This is the code I came up with:

void set_bit_at_pos(int* num, int pos, bool val)
    if (val) {
        int mask = 1 << pos;
        *num |= mask;
    else {
        int mask = ~(1 << pos);
        *num &= mask;

I'm new to bitwise operations, so this approach may not be the best. Nevertheless any suggestions are appreciated.

For the following main:

int main()
    int num = 5;
    cout << num << endl;
    set_bit_at_pos(&num, 1, true);
    cout << num << endl;

(I know about using namespace std;)

This is the output:

  • 3
    \$\begingroup\$ It would be very helpful if you demonstrated how this function was expected to be used. In most cases I would recommend using unsigned int rather than int for num. There aren't very many reasons to adjust bits in signed integers and removing a bit may make it go negative. \$\endgroup\$ – pacmaninbw Jul 19 '19 at 21:34
  • \$\begingroup\$ Well, that's the point, @pacmaninbw , I'm not sure if it works correctly. I don't know if there's an off by 1 error, maybe bits start from 0 as well, and not from 1 which is I believe the way I wrote it. I'll provide some output though. \$\endgroup\$ – Mark Ceitlin Jul 19 '19 at 22:36
  • 2
    \$\begingroup\$ @MarkCeitlin Bitwise operations on signed integers are unsafe. If you want to manipulate bits on signed integers, it's better to cast to unsigned integers, manipulate, and cast back to signed integers \$\endgroup\$ – Cacahuete Frito Jul 20 '19 at 0:11
  • \$\begingroup\$ You should'nt ask a question if you're not sure your code works. At least you could have written some tests to verify the correctness of your method. Here's a great post about bit operations: stackoverflow.com/questions/47981/… \$\endgroup\$ – dfhwze Jul 20 '19 at 5:40
  • \$\begingroup\$ I have retagged the question. This is clearly c++ code not c. \$\endgroup\$ – πάντα ῥεῖ Jul 20 '19 at 6:36

This is simpler:

#include <stdint.h> // #include <cstdint> in C++

void write_bit_32b(uint32_t *num, uint8_t pos, bool val)

        *num &= ~(UINT32_C(1) << pos);
        *num |= (uint32_t)val << pos;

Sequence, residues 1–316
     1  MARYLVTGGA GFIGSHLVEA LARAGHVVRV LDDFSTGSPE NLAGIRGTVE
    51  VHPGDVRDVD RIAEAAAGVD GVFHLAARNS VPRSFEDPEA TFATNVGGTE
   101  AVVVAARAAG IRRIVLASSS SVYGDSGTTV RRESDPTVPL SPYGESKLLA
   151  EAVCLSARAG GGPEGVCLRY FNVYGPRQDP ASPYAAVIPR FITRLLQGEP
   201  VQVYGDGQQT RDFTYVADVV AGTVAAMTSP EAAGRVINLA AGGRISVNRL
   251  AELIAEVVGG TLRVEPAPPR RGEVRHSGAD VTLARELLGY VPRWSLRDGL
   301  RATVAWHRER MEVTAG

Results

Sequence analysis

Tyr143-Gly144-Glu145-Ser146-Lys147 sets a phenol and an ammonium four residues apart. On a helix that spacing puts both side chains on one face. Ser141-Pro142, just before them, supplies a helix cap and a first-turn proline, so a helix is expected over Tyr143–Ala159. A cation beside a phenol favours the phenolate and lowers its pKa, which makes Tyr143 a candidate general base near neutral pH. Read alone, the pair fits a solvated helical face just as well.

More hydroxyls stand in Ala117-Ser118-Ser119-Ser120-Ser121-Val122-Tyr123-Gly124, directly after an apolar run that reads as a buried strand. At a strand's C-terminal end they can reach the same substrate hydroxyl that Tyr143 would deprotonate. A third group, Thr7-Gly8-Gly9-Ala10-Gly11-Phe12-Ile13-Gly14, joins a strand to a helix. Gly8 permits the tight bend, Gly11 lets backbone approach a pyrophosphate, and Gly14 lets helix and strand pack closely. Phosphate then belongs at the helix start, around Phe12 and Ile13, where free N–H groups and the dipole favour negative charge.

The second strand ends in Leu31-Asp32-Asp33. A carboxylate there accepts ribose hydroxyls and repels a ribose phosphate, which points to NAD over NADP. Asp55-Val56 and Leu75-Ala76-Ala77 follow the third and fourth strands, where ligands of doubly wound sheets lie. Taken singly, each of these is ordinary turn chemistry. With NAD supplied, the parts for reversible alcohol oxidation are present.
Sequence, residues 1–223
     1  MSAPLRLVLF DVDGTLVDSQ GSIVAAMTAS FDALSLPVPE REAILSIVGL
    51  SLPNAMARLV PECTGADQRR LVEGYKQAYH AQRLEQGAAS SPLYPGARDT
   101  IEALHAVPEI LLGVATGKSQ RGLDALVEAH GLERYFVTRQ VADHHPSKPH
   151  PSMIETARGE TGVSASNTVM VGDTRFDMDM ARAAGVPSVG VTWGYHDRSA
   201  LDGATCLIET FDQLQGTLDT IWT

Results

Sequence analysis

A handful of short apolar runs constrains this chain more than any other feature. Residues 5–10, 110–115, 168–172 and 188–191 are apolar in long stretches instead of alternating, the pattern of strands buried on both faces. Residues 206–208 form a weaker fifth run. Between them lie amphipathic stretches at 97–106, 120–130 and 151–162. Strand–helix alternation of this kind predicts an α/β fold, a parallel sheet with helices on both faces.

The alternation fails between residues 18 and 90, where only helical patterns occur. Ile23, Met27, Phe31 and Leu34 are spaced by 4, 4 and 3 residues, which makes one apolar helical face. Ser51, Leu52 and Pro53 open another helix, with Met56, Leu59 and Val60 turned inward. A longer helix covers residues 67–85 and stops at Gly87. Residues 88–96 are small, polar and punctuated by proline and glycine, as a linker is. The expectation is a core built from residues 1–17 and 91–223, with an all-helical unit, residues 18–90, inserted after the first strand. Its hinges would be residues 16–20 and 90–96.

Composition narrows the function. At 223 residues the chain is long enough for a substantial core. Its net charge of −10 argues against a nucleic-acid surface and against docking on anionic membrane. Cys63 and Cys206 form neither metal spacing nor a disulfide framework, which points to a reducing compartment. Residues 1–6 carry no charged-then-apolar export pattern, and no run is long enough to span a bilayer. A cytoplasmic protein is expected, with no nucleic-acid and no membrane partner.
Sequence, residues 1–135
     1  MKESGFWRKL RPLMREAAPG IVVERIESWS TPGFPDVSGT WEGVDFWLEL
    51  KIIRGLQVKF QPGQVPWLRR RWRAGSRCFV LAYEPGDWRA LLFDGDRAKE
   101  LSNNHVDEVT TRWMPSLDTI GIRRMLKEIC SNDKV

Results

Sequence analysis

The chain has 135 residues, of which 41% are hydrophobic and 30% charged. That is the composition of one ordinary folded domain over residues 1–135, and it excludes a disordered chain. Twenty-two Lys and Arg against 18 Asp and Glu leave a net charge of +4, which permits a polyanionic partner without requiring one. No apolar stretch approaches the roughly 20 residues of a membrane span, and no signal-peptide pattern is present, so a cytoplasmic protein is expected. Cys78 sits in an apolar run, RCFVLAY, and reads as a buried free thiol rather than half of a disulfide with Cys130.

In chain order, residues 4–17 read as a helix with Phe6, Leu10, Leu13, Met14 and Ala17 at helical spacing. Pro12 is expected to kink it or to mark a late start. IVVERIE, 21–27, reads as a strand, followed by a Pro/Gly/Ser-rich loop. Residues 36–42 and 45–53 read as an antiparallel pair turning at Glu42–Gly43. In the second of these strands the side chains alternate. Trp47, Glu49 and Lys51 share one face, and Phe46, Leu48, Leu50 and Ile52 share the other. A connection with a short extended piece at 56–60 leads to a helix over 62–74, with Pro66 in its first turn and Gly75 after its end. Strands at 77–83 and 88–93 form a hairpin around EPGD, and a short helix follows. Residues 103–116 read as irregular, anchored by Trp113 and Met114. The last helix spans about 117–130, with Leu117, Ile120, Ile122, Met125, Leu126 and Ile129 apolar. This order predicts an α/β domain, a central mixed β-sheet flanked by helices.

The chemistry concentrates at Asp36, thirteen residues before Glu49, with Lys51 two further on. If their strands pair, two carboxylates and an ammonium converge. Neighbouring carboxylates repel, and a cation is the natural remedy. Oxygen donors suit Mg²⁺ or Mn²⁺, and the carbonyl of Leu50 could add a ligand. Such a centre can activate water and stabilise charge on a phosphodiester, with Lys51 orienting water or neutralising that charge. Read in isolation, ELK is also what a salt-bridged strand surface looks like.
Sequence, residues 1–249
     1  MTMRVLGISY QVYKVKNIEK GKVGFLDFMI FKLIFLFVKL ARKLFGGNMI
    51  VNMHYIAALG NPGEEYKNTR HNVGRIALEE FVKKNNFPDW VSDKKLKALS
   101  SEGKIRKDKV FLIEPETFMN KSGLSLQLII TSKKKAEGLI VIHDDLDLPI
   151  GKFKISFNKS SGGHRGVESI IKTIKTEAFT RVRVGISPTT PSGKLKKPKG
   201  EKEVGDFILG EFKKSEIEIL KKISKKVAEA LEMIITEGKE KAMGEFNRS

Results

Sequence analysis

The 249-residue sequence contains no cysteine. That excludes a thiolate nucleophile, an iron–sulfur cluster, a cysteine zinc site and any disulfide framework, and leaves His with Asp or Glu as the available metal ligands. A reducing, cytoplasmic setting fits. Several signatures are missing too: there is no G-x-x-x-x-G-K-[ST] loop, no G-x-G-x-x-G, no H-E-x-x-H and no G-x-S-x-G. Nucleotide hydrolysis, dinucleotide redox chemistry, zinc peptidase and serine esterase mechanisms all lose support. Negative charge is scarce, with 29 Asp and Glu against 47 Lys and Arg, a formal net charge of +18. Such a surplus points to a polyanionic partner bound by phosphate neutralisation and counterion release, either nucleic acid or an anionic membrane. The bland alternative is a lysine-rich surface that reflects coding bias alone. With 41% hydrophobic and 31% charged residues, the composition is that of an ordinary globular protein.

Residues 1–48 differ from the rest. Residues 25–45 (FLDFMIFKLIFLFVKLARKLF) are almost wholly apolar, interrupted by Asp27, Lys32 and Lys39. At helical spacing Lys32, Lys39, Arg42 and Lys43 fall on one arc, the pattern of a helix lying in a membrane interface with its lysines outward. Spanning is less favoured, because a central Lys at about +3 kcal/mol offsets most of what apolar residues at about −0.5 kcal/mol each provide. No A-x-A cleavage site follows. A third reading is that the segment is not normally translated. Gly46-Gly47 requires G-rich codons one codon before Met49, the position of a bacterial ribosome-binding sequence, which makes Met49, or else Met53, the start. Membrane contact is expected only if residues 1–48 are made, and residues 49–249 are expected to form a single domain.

Use fixed-width integers if you can (see above).

Use int main(void):


Function declarators The use of function declarators with empty parentheses (not prototype-format parameter type declarators) is an obsolescent feature.

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  • \$\begingroup\$ The OP obviously asks about c++ code. Thus citing c standards is pretty useless here. \$\endgroup\$ – πάντα ῥεῖ Jul 20 '19 at 6:39
  • \$\begingroup\$ There is a subtle difference between int main() and int main(void) in C. In C++ though the use of (void) is equivalent to () it is considered archaic and to avoid confusion with C considered bad practice by most coding standards. There are only two valid declarations for main int main() and int main(int, char**) See: n4820 main function [basic.start.main] \$\endgroup\$ – Martin York Jul 22 '19 at 6:09
  • \$\begingroup\$ @MartinYork In C, in a function definition, () and (void) are the same (unlike in function declarators other that definitions; don't remember and can't find the paragraph). Given that in C++ they are absolutely equivalent, although the wording of the standard is unfortunate, I would interpret it as in C17:: "or equivalent" \$\endgroup\$ – Cacahuete Frito Jul 22 '19 at 11:52
  • \$\begingroup\$ BTW, the only reason for the (void) comment is that this question was originally asked as a C question, not C++ \$\endgroup\$ – Cacahuete Frito Jul 22 '19 at 11:53
  • \$\begingroup\$ In C () and (void) are subtly different in that void indicates an unknown number of parameters. I was unaware that declaration and definition have different rules for void in C. But that just reinforces my conviction that you should use the version without void for both consistency and readability. Also since the rules are obscure using the one with the least exceptions would be best from a maintenance stand point. \$\endgroup\$ – Martin York Jul 22 '19 at 16:10

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